While the main plot of the Voyager episode “Flashback” is about Tuvok mind melding with Janeway to work through a repressed memory, the episode also highlights a friendship that could have developed two characters who were underserved in The Original Series: Hikaru Sulu and Janice Rand. As we’ll see, Sulu was written out of multiple episodes for different reasons, and Rand was written out of the series entirely due to a combination of the writers wanting to let Kirk have “love interests of the week” and the horrendous working conditions the actress faced. “Flashback” hints at character development for both while also providing needed representation of platonic friendship between people of different genders, something lacking in media even today. This April, George Takei turns eighty-six and Grace Lee Whitney would have turned ninety-three. As a tribute to both underserved characters, let‘s examine the hints of their friendship in TOS and Voyager’s “Flashback.”
Scheduling conflicts and concerns about accidentally being racist led to some episodes meant to highlight Sulu being switched to another character: “The Gamesters of Triskelion” had to switch Sulu for Chekov due to scheduling, and “Wolf in the Fold” switched Sulu for Scotty due to worries about making the only Asian main character appear to be a murder, which left Sulu’s character very underdeveloped except for fleeting mentions. In fact one of the only consistent character traits referenced was his love of botany, mentioned in passing in “The Man Trap”, “The Way to Eden”, “The Naked Time”, and “Shore Leave”. His love of botany is even referenced in The Animated Series episode “The Infinite Vulcan.”
Sulu’s other trait that was referenced more than once was his love and use of antique weapons, including the iconic shirtless fencing scene in “The Naked Time.” Yet every one of these references were fleeting, rarely having a direct impact on an episode’s overarching plotline. Compare this to “The Trouble with Tribbles,” where Uhura’s shore leave directly impacts the plot by bringing the tribbles onto the Enterprise, thus creating the “trouble.” In “Who Mourns for Adonais?,” Carolyn Palamas is the one who is instrumental in getting Adonis to release the landing party via her intelligence and rebuffing Apollo’s romantic actions. Had she returned Apollo’s affections or agreed to stay with him, the entire plot of Trek could have changed.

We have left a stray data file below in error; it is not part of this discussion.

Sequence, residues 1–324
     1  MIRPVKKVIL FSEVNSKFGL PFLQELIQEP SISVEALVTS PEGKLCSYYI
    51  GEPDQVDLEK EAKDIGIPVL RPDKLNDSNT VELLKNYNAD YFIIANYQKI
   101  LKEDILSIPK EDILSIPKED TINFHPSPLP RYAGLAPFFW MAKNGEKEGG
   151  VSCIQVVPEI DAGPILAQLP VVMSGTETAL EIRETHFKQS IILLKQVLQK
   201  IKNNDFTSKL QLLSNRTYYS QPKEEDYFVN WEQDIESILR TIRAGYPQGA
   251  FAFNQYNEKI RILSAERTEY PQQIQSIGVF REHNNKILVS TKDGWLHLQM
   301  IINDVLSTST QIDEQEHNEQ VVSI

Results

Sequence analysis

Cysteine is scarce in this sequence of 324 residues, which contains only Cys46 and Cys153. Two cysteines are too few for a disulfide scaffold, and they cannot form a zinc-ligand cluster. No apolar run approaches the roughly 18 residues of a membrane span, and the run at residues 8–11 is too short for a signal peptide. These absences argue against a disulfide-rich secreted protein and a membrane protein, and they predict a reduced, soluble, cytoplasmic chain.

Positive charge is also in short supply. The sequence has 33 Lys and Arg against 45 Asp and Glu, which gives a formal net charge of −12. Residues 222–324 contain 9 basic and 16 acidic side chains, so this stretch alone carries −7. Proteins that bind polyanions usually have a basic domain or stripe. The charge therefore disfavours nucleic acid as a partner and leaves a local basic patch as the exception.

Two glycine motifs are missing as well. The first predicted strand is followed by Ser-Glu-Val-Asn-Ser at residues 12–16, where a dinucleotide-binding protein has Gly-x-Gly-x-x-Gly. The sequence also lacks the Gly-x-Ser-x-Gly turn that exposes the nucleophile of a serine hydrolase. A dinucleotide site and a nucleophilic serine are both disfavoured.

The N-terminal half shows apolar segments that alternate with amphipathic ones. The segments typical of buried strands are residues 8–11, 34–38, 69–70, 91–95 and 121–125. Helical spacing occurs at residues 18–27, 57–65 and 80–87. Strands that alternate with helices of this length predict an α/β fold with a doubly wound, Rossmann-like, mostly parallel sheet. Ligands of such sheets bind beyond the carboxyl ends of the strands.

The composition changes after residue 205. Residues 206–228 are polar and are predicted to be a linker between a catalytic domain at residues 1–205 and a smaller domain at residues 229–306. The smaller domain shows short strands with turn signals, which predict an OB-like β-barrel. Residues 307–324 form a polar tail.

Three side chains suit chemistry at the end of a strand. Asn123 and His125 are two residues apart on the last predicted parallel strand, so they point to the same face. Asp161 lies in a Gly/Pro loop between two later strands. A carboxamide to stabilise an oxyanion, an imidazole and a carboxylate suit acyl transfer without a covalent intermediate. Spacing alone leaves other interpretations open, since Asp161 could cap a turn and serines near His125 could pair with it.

Rand only appeared in eight episodes of TOS, then did not appear or get referenced in TAS. She also had a very limited role in the TOS movies. In fact her main appearance in these movies, working on the transporter, then having Kirk and Scotty take over just as a malfunction leads to two redshirt deaths, highlights how the Trek writers failed to develop Rand into a complex character. Her original role in TOS was Kirk’s personal yeoman, where the two had implied unresolved feelings towards each other. This left Rand as a character who was dependent on romantic plotlines to develop her character and as a prop for Kirk’s character to develop. What makes these plotlines even worse is how one of her scenes in “The Enemy Within,” where the evil side of Kirk assaults her in her own quarters, ended up echoing real life. .Shortly after one of the executives on the show forced himself on Grace Lee Whitney (TW for description of sexual assault at the link), Rand was written out of the series, opening the way for Kirk to have rotating love interests.